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This diagram shows very clearly that, pretty much all of the time, the 8th follows the 6th round the plain course of Plain Bob Royal. In fact, every bell apart from the treble has a bell that it follows round, and consequently it also has a bell that follows it round.

  • The bell that you follow round is called your course bell.
  • The bell that follows you around is called your after bell.

Notice in particular that:

  • You arrive at lead and at the back immediately after your course bell.
  • You are always taken off lead by your after bell. 
  • Your after bell arrives at the back as you start to hunt down.
  • In Plain Bob, as you hunt there is always one bell between you and your course bell, and between you and your after bell.

The four points above are very useful in helping you see where you are in the method. In particular:

  • You know which bell is going to take you off lead as you start to hunt up (your after bell).
  • You know which bell to look for at the back as you start to hunt down (again, your after bell).
  • You know which bell you're going to lead after (your course bell). Indeed, if you get lost when hunting down, the conductor may well say 'get behind such and such a bell'. That bell will be your course bell, so look for it and try to follow it with enough space between you and it for one other bell. Definitely make sure you're not in front of it!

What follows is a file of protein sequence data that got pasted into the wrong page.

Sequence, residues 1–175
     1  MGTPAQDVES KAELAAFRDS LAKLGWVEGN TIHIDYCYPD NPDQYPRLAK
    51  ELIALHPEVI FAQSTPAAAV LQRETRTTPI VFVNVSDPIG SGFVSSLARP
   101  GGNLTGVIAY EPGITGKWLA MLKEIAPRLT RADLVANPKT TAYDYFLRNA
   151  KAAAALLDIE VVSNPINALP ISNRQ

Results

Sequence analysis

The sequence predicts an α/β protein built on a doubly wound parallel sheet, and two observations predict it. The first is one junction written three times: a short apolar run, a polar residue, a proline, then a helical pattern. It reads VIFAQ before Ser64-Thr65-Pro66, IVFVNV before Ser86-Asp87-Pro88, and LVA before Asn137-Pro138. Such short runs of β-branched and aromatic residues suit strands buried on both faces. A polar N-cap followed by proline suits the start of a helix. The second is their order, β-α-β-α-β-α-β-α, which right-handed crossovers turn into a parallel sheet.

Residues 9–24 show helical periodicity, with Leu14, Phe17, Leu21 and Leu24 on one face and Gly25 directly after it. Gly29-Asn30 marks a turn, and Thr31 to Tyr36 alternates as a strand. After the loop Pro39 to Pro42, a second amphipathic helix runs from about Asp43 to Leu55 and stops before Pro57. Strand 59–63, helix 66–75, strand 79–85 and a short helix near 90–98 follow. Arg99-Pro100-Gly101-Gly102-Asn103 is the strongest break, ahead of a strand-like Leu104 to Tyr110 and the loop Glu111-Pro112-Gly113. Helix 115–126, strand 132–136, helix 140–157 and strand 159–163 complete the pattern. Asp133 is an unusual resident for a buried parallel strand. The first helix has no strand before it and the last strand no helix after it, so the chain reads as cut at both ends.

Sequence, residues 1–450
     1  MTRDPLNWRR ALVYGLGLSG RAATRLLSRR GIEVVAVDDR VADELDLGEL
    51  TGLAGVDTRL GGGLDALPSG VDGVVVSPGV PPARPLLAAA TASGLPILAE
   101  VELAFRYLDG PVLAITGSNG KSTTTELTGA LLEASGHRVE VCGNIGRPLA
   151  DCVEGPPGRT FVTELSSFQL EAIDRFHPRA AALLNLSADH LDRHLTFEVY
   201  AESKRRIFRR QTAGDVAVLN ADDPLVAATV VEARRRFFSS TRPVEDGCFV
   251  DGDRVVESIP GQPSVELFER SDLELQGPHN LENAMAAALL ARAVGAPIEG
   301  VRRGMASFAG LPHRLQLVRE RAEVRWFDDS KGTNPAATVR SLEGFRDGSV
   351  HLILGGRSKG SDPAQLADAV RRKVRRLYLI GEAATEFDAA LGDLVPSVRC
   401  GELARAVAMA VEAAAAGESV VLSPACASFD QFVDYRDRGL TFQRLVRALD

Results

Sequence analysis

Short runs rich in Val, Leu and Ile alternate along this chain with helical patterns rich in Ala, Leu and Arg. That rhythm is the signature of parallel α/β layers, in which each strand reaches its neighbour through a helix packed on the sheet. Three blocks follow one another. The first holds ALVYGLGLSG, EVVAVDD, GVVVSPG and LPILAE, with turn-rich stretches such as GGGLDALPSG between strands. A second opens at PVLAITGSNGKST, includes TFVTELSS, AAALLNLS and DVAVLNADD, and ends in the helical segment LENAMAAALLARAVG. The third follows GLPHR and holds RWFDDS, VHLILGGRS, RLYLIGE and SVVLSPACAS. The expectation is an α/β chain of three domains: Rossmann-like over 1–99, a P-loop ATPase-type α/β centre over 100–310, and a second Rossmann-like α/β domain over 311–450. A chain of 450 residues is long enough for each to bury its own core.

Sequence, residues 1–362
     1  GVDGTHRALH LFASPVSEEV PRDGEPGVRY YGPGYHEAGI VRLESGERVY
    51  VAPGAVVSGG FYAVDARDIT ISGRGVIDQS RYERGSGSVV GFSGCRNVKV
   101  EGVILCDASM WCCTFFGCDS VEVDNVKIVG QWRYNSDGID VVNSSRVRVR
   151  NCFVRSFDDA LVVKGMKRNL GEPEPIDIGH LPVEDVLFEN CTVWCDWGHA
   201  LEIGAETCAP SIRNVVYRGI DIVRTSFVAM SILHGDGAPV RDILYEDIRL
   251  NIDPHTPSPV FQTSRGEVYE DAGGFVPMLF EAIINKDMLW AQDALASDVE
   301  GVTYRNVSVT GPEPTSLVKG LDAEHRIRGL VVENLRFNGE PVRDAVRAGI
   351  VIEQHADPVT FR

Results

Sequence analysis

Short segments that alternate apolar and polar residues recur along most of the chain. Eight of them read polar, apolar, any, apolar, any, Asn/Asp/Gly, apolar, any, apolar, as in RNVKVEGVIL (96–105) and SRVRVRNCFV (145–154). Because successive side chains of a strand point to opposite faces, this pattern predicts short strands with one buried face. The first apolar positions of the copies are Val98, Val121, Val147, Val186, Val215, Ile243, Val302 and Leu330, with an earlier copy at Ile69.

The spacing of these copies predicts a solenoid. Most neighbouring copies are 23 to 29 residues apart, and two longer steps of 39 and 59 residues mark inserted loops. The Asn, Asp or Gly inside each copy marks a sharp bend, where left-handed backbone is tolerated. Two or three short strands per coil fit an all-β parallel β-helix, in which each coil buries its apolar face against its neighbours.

• Similarly, if you get lost hunting up, at least make sure you stay above your after bell.

All this is somewhat messed up by the treble, who you will remember is doing his or her own thing. Because it's not doing the same as everyone else, it isn't fixed in the coursing order and it can, and will, sometimes come between you and your course bell or you and your after bell. If you have another look at the diagram of Plain Bob Royal, you'll see that this happens for the 6th and 8th in the top right hand corner of the diagram (the 7th lead of the method). In that lead, the 6th and 8th are hunting with the treble coursing between them and there are three bells between them in each row. It's caused by the 8th making 2nds over the treble and put right when the 6th makes 2nds at the end of the lead.